We remove our apron, glasses and cuffs and thank our teachers. We ask the manager about his recommendations of where to find knives made in the area by the DENSAN artisans. He walks us around the corner and down the block to a tiny shop that looks like the real thing but unfortunately it is closed. He is apologetic and recommends another store in downtown Sanjo. We thank him and embark on a very long walk through neighborhoods, across a bridge over the Shinano river, and to an outlet-size shopping district— large electronic and clothing stores, one of which advertises “American Jeans!”, car dealerships, and a mall. Inside the mall is the place we are looking for. It is fairly nondescript; white and minimal and full of glass cases, counters, and shelves of items that range from manufactured cutlery and knick knacks to hand-crafted knives and art pieces. Jason spends some time comparing the artisan’s seals stamped into the DENSAN certified knife selection. He holds each to feel the weight and balance of the forged steel and to test the rock of the blade. He selects a kitchen Deba knife for us and a wood-carving knife for his father. I find a tiny spoon and a pair of sewing scissors.
We leave the store and locate the closest transit station. I am dragging a bit but finally we are on the train and heading back to Niigata. The man I am sitting next to strikes up a conversation with me. He is from Sanjo but traveling to Niigata for a work event in the city, as far as I understand. I speak lovingly of Sanjo and he is touched and proud. Consistently I experience this reaction to my admiration of Japan. He asks about our journey and is impressed by where we’ve been, where we are going and the things we have chosen to see. I ask him if he knows of a good place to try Hegi Soba which is a regional noodle dish of Niigata. He does and has an insider tip: Niigata, which is both the name of the city and the region, is so identified by and proud of its Hegi Soba that they offer visitors vouchers to to several restaurants in order to try it. Our temporary guide brings us to a kiosk at the train station where we can retrieve these vouchers. He then walks us to one of the participating restaurants and inside where he speaks to the host before saying good bye and heading off to his event.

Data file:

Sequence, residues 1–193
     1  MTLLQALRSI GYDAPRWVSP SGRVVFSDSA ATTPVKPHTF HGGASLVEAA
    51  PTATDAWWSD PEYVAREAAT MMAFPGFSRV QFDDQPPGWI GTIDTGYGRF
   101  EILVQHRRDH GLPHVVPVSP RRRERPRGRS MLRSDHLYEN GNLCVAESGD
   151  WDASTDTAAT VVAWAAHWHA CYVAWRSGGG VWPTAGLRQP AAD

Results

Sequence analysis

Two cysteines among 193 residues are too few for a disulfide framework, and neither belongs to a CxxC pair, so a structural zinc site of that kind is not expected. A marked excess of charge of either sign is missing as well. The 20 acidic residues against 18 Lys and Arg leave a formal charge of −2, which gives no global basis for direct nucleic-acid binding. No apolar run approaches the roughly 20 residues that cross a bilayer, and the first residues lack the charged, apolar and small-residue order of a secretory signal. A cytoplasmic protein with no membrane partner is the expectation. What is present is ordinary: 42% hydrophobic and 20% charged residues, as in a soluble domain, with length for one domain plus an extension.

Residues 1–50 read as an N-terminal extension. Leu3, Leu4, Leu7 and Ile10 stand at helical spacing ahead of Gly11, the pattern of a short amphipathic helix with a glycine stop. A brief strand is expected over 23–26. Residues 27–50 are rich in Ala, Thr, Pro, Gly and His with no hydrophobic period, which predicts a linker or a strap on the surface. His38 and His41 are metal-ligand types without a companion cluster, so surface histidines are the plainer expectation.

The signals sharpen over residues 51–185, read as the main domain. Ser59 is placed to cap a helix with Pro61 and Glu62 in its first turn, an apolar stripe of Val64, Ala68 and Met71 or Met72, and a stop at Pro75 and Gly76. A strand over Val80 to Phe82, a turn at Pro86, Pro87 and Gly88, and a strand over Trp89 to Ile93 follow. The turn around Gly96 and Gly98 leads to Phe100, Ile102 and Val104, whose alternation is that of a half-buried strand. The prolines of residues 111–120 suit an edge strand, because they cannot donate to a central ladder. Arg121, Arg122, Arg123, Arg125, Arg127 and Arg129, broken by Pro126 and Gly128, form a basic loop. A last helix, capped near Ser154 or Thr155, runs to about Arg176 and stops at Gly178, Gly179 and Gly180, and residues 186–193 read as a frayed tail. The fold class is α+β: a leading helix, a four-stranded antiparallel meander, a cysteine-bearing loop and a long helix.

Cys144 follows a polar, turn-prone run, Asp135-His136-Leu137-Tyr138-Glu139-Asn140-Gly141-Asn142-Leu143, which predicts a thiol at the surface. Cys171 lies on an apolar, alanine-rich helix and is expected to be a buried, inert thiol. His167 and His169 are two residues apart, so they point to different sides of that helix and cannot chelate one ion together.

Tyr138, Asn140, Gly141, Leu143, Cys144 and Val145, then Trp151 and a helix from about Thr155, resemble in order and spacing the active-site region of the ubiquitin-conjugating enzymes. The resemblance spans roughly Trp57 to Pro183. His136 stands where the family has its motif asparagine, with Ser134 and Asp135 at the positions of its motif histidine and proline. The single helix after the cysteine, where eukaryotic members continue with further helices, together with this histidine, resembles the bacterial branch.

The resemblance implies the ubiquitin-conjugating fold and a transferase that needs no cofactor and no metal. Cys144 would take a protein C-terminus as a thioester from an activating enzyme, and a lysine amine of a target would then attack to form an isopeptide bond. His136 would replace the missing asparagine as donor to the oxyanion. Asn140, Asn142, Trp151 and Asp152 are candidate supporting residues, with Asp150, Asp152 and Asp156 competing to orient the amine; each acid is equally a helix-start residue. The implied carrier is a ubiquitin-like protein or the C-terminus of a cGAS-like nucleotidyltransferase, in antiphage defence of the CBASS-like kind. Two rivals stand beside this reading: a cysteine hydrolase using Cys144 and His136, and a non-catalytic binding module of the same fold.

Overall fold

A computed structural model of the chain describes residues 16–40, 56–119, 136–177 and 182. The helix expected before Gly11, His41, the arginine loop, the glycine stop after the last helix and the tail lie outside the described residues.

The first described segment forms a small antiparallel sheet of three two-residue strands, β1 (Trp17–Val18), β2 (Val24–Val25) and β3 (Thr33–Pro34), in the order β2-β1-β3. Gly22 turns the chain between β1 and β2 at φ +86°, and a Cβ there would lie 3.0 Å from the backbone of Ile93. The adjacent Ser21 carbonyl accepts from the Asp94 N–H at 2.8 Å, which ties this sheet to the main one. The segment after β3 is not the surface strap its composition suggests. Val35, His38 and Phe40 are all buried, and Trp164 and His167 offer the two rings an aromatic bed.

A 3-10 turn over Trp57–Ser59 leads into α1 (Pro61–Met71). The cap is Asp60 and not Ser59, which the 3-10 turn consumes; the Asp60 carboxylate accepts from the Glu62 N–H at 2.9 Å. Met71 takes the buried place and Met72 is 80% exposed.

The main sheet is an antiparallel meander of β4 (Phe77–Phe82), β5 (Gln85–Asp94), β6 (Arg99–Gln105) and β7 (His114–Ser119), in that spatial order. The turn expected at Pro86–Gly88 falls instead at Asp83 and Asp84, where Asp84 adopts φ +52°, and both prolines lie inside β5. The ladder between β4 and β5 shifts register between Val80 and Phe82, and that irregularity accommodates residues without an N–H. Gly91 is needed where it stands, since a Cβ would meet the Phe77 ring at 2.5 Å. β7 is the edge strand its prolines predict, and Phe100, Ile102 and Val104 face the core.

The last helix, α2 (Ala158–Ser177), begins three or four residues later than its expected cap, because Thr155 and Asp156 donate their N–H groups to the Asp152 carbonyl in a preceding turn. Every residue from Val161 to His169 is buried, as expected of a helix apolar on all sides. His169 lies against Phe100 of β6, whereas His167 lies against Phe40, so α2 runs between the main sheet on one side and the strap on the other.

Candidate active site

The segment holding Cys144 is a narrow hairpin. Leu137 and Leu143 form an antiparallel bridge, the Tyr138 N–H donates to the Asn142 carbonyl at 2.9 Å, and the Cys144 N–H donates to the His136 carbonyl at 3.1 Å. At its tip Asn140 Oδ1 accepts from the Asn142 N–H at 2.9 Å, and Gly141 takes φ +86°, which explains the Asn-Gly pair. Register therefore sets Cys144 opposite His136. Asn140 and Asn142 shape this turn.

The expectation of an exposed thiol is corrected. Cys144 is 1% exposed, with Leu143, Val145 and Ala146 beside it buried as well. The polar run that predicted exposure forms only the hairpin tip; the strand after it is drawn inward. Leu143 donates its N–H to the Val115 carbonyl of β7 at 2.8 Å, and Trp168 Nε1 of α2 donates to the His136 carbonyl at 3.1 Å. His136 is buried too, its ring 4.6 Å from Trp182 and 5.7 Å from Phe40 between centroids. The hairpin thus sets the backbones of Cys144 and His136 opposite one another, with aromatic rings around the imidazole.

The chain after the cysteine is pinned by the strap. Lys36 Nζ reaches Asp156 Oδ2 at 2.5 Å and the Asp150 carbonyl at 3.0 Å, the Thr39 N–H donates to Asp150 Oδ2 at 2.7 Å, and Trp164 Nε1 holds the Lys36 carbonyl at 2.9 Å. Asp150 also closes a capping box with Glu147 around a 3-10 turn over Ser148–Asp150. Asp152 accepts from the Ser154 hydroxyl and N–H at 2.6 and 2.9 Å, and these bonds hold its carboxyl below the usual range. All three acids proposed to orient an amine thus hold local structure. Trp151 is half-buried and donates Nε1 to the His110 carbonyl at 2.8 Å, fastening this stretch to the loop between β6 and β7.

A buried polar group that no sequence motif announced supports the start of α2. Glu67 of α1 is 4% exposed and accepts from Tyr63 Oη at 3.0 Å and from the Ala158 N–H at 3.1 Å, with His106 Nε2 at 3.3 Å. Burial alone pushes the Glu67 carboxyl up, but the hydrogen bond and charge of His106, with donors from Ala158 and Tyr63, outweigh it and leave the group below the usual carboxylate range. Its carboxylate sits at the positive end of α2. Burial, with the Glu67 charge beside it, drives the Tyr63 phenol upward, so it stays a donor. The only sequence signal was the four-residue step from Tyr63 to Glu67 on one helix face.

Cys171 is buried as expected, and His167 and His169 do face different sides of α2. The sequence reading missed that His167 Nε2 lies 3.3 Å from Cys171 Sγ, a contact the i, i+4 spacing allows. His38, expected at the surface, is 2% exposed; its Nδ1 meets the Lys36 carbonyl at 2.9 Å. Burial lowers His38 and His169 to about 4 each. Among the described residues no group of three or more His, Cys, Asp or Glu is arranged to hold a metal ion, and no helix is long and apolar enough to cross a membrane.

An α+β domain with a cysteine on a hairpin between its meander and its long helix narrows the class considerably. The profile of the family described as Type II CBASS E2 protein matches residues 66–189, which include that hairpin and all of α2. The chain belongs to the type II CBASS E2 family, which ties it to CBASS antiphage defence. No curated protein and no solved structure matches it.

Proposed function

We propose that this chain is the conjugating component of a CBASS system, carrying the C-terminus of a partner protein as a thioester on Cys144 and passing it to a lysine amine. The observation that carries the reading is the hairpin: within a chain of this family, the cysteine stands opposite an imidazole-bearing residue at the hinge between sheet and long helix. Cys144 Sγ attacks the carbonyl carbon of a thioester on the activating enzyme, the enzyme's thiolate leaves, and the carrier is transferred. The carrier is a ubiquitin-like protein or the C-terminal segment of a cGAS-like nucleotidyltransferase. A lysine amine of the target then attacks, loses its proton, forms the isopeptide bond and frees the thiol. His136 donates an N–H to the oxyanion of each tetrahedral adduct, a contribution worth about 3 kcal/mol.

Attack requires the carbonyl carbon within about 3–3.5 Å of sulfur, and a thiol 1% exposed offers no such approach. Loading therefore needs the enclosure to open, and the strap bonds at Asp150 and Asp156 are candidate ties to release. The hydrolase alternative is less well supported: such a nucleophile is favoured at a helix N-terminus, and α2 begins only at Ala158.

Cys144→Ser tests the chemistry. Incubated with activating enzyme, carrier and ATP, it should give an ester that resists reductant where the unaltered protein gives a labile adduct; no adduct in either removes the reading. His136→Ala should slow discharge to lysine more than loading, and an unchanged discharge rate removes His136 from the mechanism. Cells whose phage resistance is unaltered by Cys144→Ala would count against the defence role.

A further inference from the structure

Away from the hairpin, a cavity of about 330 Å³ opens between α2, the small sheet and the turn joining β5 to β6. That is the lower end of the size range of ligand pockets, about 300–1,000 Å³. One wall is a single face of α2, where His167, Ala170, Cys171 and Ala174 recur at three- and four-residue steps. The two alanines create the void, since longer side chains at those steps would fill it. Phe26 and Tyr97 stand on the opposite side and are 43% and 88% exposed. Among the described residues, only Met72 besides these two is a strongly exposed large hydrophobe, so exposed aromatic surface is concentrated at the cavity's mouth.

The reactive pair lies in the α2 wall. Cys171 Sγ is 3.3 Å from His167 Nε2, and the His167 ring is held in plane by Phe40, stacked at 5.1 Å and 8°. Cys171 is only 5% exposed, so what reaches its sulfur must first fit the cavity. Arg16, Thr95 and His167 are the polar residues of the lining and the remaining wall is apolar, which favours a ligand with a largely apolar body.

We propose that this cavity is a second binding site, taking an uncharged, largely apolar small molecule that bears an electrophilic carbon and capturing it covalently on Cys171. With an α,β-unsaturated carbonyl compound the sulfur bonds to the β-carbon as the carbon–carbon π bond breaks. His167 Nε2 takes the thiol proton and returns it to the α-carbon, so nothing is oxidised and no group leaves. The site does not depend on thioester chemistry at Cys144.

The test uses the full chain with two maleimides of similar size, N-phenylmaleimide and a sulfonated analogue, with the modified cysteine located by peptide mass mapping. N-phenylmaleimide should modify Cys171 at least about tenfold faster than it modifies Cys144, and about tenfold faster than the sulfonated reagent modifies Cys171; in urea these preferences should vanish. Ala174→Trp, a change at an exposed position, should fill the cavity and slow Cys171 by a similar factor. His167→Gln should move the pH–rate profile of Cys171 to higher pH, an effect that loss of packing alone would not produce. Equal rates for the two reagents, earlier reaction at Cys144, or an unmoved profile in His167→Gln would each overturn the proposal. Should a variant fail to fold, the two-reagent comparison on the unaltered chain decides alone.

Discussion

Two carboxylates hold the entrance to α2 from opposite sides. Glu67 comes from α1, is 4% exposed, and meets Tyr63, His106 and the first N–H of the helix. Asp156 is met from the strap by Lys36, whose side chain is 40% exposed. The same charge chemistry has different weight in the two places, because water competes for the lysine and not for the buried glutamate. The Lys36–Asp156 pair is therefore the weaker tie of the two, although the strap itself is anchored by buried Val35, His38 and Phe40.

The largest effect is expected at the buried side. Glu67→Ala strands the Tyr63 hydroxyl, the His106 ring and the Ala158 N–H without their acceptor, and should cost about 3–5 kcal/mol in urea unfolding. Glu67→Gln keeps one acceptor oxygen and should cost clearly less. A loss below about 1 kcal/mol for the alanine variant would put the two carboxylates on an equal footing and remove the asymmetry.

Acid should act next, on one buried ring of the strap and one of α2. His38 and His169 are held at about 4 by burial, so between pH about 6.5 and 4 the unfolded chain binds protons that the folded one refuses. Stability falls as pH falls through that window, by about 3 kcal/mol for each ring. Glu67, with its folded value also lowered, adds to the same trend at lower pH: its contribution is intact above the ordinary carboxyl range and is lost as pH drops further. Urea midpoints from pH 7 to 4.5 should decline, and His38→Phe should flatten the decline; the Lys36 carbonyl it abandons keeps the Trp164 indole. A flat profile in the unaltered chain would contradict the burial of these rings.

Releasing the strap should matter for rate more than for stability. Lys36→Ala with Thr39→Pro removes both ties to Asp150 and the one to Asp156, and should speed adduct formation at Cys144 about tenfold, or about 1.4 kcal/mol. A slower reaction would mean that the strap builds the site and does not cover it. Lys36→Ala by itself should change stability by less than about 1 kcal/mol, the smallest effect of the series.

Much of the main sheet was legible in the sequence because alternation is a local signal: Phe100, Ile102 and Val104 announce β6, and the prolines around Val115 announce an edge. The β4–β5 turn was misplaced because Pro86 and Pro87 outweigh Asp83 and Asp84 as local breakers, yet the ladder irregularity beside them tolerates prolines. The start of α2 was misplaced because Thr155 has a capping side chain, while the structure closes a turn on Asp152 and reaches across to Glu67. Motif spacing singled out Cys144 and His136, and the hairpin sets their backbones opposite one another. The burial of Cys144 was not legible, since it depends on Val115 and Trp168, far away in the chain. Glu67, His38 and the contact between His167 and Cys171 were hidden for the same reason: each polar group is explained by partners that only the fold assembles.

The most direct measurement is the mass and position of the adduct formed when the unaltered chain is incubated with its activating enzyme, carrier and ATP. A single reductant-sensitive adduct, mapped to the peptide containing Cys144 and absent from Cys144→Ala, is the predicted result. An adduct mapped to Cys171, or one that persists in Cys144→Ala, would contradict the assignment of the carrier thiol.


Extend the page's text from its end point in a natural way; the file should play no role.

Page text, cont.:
The dish did not disappoint and is much about the experience of how it is presented and eaten. Bite-sized twirled bundles of soba noodles are served on a traditional tray lined with a bamboo mat and accompanied by a sauce—this is where the magic happens, as Jason says. The sauce can be modified to your personal taste with the provided mustards, wasabi, and red pepper flakes and is what gives the mouthful its flavor. Additionally, we chose to have ours with nori (shredded dried seaweed) served on top of the noodles. Using your hashi, you pick up an entire bundle and douse it in the sauce before bringing it to your mouth and enjoying. It reminds me of the way my friend Nhu-y taught me to eat Pho. I will note here, as I could have during earlier experiences with ramen and other noodle dishes, that slurping is a tradition in Japan. The more you slurp, the more you allow the flavor to circulate your taste buds and the easier it is to tolerate the hot broth as it cools just enough in the process. It also shows respect to the chef and impresses native Japanese. Jason has bragged about being complimented for slurping like a Japanese person by a Japanese friend of his. Admittedly it took me some getting used since in America slurping is considered to be rude, at least where manners matter. But once adjusted, it is quite fun.
After dinner we are back to the hotel and to bed (well maybe there was a stop at the convenience store for some dessert treats). We are squeezing in a trip to a sake distillery in the morning before heading to Tokyo via Shinkansen, high-speed bullet train.